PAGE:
NR, 87 min.
Director: Rick Rowley
Writers: Jeremy Scahill, David Riker
Narrator: Jeremy Scahill
Featuring: Jeremy Scahill, Nasser Al Aulaqi, Saleha Al Aulaqi, Muqbal Al Kazemi, Abdul Rahman Barman, Sheikh Saleh Bin Fareed, Andrew Exum, Abdul Gahfoor, Philip Giraldi, Matthew Hoh, Patrick Lang
Rarely a week goes by that I don’t see a post on Facebook proclaiming support for the troops. Everybody with a heart posts these. It doesn’t matter if they support our ongoing wars or not. The American public universally supports their troops. The problem is how long we’ve been supporting them in our current conflicts. At almost twelve and a half years our “War Against Terror” has now outlasted our involvement in the Vietnam Conflict by two and a quarter years. It’s nearly double the time we’ve spent in any other war, and more than doubled the length of time we were involved in both World Wars combined.
I remember thinking when we declared this supposed war on terror that it would be a futile endeavor because terror has no affiliations. It can exist anywhere and will come from anyplace that has opposing views. How can a country conduct a war on terror? It’s possibly the most futile war since the war on drugs.
Jeremy Scahill is a journalist who has reported on this war since its inception. Some may recognize his name as the reporter who uncovered the questionable use of mercenaries by the U.S. Government in his book “Blackwater: The Rise of the World’s Most Powerful Mercenary Army”. He also reported on the once secret U.S. Military unit known Joint Special Operations Command (JSOC), whose actions became more public after the assassination of Osama Bin Laden. In his book, “Dirty Wars: The World Is a Battlefield” and in this documentary he furthers his claims that JSOC has secretly turned the entire world into a war zone by conducting mass killings in countries where no war is declared all for the sake of national security.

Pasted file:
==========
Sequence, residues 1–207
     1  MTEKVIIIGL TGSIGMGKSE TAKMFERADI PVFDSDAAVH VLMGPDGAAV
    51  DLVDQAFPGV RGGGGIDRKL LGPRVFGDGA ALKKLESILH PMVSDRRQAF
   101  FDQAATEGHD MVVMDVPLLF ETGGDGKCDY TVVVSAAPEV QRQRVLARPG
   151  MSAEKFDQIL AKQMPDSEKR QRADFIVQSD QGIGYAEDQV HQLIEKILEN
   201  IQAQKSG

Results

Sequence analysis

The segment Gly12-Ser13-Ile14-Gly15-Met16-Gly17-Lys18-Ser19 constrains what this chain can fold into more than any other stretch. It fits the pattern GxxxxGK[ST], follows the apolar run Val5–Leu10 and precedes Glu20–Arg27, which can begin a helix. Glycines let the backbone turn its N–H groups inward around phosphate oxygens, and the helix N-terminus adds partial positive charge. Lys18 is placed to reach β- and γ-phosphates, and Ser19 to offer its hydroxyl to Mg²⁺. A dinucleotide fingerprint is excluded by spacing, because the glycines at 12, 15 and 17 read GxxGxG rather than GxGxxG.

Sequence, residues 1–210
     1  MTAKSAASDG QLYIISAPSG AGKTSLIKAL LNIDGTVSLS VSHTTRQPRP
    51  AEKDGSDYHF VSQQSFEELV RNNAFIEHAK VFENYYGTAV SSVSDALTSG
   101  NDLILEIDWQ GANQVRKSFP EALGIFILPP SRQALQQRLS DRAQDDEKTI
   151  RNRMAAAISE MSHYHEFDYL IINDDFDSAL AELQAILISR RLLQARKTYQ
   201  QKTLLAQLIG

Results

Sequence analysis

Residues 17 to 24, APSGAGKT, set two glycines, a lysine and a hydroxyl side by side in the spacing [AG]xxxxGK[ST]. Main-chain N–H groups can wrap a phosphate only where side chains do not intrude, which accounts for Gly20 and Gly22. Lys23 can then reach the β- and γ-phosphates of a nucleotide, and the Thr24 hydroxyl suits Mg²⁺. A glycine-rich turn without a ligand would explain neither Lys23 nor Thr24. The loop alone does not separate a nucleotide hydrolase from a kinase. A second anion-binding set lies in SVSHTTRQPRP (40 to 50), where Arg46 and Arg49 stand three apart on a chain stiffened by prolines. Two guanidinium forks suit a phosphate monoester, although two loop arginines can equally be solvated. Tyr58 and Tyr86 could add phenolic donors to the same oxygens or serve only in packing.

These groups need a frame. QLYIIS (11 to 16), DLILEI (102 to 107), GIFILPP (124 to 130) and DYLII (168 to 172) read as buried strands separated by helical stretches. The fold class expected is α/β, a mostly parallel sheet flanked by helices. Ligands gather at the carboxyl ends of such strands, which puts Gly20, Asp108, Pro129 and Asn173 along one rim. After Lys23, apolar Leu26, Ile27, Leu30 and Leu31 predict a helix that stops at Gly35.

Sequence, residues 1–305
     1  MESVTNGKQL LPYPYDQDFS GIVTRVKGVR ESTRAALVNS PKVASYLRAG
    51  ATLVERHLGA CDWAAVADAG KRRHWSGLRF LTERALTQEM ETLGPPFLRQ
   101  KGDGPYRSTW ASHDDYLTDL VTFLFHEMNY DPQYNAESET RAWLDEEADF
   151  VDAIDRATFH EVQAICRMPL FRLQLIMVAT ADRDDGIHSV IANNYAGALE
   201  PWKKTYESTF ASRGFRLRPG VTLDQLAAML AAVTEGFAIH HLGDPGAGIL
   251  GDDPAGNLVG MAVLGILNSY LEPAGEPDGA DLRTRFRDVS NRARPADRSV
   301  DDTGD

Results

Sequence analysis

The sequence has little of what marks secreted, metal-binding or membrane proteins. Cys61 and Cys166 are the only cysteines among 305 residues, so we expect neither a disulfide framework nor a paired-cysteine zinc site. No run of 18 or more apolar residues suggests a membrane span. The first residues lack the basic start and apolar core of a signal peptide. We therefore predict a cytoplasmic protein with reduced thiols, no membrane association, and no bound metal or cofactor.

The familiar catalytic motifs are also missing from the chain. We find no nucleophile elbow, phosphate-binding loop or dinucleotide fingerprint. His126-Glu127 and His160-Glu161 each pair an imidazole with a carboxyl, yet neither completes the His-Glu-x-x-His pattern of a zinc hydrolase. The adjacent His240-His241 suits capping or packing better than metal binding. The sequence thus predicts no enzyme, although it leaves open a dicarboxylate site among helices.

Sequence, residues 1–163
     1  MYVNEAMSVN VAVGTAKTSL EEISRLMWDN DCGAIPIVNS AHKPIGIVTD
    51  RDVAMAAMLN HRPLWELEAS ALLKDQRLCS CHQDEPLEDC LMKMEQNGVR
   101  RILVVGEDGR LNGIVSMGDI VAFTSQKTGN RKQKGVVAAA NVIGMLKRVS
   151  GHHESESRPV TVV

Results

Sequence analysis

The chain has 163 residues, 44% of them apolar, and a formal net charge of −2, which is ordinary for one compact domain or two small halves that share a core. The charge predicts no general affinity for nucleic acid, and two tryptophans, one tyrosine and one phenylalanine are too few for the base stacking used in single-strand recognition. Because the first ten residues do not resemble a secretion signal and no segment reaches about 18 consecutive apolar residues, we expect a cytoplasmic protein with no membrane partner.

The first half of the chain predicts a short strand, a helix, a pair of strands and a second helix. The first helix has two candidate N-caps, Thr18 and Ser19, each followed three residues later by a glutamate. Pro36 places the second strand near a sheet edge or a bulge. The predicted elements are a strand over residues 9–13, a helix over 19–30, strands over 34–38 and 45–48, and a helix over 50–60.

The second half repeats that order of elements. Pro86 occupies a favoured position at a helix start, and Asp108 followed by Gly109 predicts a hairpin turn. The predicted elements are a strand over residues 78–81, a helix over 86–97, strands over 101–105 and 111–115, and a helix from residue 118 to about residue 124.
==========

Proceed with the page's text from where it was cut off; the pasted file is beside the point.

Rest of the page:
As conspiracy theorists go, Scahill sounds very much like a journalist. That could be because the cover-ups involved here seem based mostly on the premise that the U.S. Military figured nobody would bother to look for them. He details how JSOC has free range to do whatever they feel necessary in the interest of national security, and concludes that this type of paramilitary policy leads to a self fulfilling prophecy. If we treat everybody like a terrorist, they will eventually become terrorists. What frightens me the most about this prospect is that the inevitable outcome will eventually be one or several coordinated attacks on U.S. soil. Scahill never states that in his film, but how can the players involved be blind to this possibility?
Often times documentaries are praised for their subject matter alone, with little thought about the filmmaking that goes into them. “Dirty Wars” does have frightening revelations about the military policies of our government, but it is also very well crafted to convey its information clearly and build to its natural conclusions. It doesn’t need to spell out the implications of how these policies will lead to more terrorists and their need to strike back at the United States. It is a dirty war indeed, and our continued pursuit of it can only lead to more bloodshed, not less.